|Address||10942 Egret Pointe Lane |
West Palm Beach, Florida 33412, United States
|| September 18, 1951
Oct 06, 2017 12:47am
Black - Cancer - Christian - Protestant -
|Info||Benjamin S. Carson, Sr. (born 18 September, 1951) is an American neurosurgeon and the Director of Pediatric Neurosurgery at Johns Hopkins Hospital. He was awarded the Presidential Medal of Freedom in 2008. |
Benjamin Solomon Carson was born in Detroit, Michigan. His mother, Sonya Carson, had dropped out of school in the third grade and married Robert Solomon Carson, a much older Baptist minister from Tennessee, when she was only thirteen. When Carson was only eight, his parents divorced, and Mrs. Carson was left to raise Benjamin and his older brother, Curtis, on her own. She worked at two, sometimes three, jobs at a time to provide for her boys.
Early on Carson experienced difficulty in school, eventually falling to the bottom of his class. He became the object of name calling and subsequently developed a violent, uncontrollable temper. Determined to turn her son’s life around, Carson’s mother limited his television watching and refused to let him go outside to play until he had finished his homework each day. She required him to read two library books a week and to give her written reports on his reading, even though, with her own poor education, she could barely read what he had written. Soon Carson was amazing his instructors and classmates with his improvement. "It was at that moment that I realized I wasn't stupid," he recalled later. Carson continued to amaze his classmates with his new found knowledge and within a year he was at the top of his class.
After determining that he wanted to be a psychiatrist, Carson graduated with honors from high school and attended Yale University, where he earned a degree in Psychology. From Yale, he went to the Medical School of the University of Michigan, where his interest shifted from psychiatry to neurosurgery. His excellent hand-eye coordination and three-dimensional reasoning skills made him a superior surgeon. After medical school he became a neurosurgery resident at the Johns Hopkins Hospital in Baltimore. At the age of 33, he became the hospital's professor and director of Pediatric Neurosurgery.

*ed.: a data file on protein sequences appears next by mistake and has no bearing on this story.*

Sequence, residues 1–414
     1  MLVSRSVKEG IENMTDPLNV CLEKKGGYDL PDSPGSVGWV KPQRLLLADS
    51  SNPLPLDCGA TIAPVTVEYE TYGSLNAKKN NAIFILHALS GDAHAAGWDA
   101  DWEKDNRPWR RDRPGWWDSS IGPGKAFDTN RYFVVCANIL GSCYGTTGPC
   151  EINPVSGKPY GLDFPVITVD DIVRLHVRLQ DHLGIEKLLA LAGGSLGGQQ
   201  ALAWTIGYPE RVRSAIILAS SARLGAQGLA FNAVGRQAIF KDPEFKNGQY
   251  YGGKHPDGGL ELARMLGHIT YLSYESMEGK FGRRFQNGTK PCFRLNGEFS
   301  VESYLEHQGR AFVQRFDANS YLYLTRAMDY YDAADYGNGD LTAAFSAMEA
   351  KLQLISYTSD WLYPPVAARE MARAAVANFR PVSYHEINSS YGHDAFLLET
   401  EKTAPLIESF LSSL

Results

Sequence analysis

In September 1987 Carson performed a procedure to separate a pair of seven-month-old German Siamese twins, who were joined at the head. Carson was the lead surgeon on the team which performed the complex procedure.
In 1997 Carson and his team went to South Africa to separate Luka and Joseph Banda, infant boys from Zambia. Both boys survived, and neither one suffered severe brain damage. The Bandas were the first set of twins joined at the tops of their heads to be successfully surgically separated. The operation lasted 28 hours.
In 2003, Carson was a member of the surgical team that worked to separate conjoined adult siblings Ladan and Laleh Bijani. Neither survived the surgery. When asked why he had performed such a risky surgery, Carson stated that they conveyed to him they would rather die than stay conjoined.
Carson married Candy Rustin--whom he met at Yale--in 1975; she holds a M.B.A. degree and is an accomplished musician, and both are devout evangelical Christians and members of the Seventh-day Adventist Church. They have three sons, Murray, Benjamin Jr., and Rhoeyce.
Carson has received numerous honors and awards including over 40 honorary doctorate degrees. He was a member of the American Academy of Achievement, the Horatio Alger Association of Distinguished Americans, the Alpha Omega Alpha Honor Medical Society, the Yale Corporation (the governing body of Yale University), and many other prestigious organizations. He sits on many boards including the Board of Directors of Kellogg Company, Costco Wholesale Corporation, and America's Promise. He was also the president and co-founder of the Carson Scholars Fund, which recognizes young people of all backgrounds for exceptional academic and humanitarian accomplishments. In 2007, Carson was inducted into the Indiana Wesleyan University Society of World Changers and received an honorary doctorate while speaking at the university. He returned to IWU the following year when his friend, Tony Dungy, was also inducted into the society. On June 19, 2008, Carson received the Presidential Medal of Freedom from President George W. Bush.
Carson has written three bestselling books published by Zondervan, an international Christian media and publishing company: Gifted Hands, The Big Picture, and Think Big. The first book is an autobiography, and the other two are about his personal philosophies of success that incorporate hard work and a faith in God. Carson is a Evangelical Christian and a Seventh-day Adventist. In a debate with Richard Dawkins, Francis Collins, and Daniel Dennett, Carson stated he doesn't believe in evolution: "I don't believe in evolution...[it] says that because there are these similarities even though we can't specifically connect them it proves that this is what happened."
In 2002 Carson was forced to cut back on his public appearances a bit when he faced a medical problem of his own. In June he was diagnosed with prostate cancer, but fortunately the cancer was caught in time. Because of his brush with death, however, Carson made a few life changes. He still operates on more than three hundred children a year but has been trying to shorten his days: prior to his cancer he used to work from 7:00 in the morning until 8:00 at night. Now, he tries to leave the hospital at 6:15 P.M. This gives him more time to spend with his wife and three children.
A television movie about Carson's life, Gifted Hands: The Ben Carson Story, premiered on TNT on February 7, 2009, with Academy Award winner Cuba Gooding Jr. in the lead role and Kimberly Elise portraying his mother.